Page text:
Dorothy: Our son Jim had left college, so he took on the dealership. Also, the Lord sent the Gil Johnson family to Paintsville for a job, and he and his wife took us to The Wilds in North Carolina, where we learned so much about how to build and run a camp and conference center.
Evans: What was your first step?
James: A master site plan. I hired the Woolpert Company of Dayton, Ohio, to do aerial photographs and elevation studies and draw up a master plan, locating cabins, bathhouses, a pool, dining hall/activities building, office, snack shop, sewage plant, lake, and playing fields.
Dorothy: By the fall of 1979, we also had selected a Scripture and purpose from Luke 2:52: grow as Christ did, mentally, physically, socially, and spiritually. Then we started traveling
to churches and conferences to present Camp Caleb and ask
James: I was 47, so I’d been around a while, but I knew I needed good people to work with me, so I asked the Lord to supply the people He wanted to be board members and advisors. I never asked anyone. Seven trustees and four advisors volunteered. Eventually we had ten trustees, a board president, vice-president, secretary, treasurer, and four advisors.
Evans: How did you get financial backing?
Dorothy: We asked. By early 1980, we were incorporated as a non-profit organization and by law had to work under someone for a year to secure our non-profit status. Dr. O’Donnell served in that role. As for finances, we used several plans. One was called Camos, a club for young people who gave $2 or more each month from their own money. For families and churches we had a check-o-matic plan, a $1,000 Club, a $100 Club, memorial giving, and monthly pledges.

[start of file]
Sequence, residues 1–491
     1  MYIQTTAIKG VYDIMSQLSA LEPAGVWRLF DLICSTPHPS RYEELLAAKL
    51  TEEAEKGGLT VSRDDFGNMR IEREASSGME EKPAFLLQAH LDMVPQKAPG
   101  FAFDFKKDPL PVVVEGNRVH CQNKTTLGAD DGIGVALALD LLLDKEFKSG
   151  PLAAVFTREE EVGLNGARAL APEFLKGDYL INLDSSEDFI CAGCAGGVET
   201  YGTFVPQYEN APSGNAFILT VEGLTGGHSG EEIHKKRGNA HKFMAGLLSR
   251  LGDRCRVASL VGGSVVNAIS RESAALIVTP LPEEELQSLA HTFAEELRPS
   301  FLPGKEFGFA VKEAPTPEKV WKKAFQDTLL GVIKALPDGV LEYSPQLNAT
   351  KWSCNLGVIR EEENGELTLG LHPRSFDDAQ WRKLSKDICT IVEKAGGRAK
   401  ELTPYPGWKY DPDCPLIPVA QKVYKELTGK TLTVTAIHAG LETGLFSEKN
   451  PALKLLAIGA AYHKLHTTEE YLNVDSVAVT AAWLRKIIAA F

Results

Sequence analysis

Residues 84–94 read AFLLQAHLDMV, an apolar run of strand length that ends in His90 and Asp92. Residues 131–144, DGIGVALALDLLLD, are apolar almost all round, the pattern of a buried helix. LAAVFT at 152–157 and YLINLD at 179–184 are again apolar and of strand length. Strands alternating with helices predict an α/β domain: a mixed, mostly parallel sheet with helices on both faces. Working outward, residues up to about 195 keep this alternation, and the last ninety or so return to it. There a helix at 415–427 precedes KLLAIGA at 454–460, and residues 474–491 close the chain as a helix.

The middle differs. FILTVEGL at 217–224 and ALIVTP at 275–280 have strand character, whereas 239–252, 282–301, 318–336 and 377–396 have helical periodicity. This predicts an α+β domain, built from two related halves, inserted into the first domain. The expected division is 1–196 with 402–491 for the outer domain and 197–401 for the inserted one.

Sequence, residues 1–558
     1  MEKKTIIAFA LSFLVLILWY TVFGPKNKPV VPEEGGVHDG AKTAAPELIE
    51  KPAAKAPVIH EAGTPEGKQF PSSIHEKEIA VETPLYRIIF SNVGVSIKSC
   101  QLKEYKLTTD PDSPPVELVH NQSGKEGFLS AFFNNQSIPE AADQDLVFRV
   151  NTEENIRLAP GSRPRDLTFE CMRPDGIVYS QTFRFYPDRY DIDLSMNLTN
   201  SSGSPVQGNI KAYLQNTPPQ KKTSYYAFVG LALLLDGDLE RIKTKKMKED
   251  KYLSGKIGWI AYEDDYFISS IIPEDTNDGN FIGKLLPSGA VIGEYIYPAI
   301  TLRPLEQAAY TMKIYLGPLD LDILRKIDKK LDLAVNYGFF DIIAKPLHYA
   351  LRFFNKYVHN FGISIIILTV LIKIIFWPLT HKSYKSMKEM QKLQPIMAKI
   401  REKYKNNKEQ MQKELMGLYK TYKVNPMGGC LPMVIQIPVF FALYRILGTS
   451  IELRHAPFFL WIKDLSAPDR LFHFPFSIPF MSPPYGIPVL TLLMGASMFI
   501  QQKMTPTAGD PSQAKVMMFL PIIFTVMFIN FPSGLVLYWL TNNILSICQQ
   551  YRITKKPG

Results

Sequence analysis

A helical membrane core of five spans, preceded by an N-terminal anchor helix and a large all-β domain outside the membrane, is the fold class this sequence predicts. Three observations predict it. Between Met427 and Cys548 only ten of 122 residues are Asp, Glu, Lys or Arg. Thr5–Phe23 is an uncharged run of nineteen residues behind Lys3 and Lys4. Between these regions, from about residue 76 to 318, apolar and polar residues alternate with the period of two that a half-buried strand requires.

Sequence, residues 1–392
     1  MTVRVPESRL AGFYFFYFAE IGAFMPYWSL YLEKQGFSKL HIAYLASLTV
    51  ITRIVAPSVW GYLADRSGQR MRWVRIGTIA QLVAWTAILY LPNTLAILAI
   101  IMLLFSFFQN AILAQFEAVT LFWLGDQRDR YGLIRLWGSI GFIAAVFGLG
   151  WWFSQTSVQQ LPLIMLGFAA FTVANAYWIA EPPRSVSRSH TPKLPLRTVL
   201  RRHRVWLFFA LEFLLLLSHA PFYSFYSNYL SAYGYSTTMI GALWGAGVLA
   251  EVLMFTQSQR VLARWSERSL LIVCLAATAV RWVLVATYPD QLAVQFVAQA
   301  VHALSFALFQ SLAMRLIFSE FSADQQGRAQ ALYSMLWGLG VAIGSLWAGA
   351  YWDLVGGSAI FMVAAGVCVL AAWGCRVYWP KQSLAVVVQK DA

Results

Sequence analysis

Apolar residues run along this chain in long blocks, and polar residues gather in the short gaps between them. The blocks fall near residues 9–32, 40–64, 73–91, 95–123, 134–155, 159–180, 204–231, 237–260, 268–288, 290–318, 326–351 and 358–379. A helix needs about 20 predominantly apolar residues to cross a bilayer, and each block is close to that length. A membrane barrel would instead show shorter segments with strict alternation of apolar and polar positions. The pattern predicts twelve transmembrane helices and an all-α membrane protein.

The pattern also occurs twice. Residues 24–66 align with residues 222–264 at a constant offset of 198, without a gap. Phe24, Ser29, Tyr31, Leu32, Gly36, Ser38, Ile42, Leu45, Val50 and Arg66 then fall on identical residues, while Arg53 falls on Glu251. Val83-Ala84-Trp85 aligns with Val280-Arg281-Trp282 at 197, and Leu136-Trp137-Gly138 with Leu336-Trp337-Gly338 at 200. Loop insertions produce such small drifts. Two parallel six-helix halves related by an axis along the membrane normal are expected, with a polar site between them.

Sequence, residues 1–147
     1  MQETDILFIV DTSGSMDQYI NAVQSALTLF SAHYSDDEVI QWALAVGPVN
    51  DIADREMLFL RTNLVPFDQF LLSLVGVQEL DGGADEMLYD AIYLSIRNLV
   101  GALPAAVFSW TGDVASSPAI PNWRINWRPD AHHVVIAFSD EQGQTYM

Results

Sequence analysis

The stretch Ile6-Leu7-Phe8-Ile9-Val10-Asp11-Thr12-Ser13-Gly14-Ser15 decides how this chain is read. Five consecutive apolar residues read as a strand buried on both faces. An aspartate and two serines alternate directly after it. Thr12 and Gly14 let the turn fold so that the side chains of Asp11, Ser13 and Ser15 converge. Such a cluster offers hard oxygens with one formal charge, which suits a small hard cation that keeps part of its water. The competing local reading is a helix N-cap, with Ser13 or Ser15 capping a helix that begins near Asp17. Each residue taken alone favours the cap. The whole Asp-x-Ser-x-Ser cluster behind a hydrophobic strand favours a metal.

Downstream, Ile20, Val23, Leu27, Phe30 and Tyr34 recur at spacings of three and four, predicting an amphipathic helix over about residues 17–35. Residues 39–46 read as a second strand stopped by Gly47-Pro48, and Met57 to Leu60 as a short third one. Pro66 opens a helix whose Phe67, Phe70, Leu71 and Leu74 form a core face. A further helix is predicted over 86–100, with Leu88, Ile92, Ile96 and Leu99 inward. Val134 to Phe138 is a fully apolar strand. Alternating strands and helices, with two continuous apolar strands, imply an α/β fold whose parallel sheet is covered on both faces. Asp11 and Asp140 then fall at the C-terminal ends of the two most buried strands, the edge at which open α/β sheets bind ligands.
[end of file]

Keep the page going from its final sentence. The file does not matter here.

James: So, the summer of 1980, we had camp at Levi Jackson State Park again.
Dorothy: Then in 1981, we had an “illegal camp,” as we now call it. We had built cabins and bathhouses at the camp, but no dining hall. So we rented a big tent, cut 55-gallon drums in half for grills, carried water for cooking from a spigot over the hill, and fed the kids under the tent. After camp was over, inspectors came and told James, “You know you can’t have camp here until the dining hall is done.” James’ only answer was, “I understand.”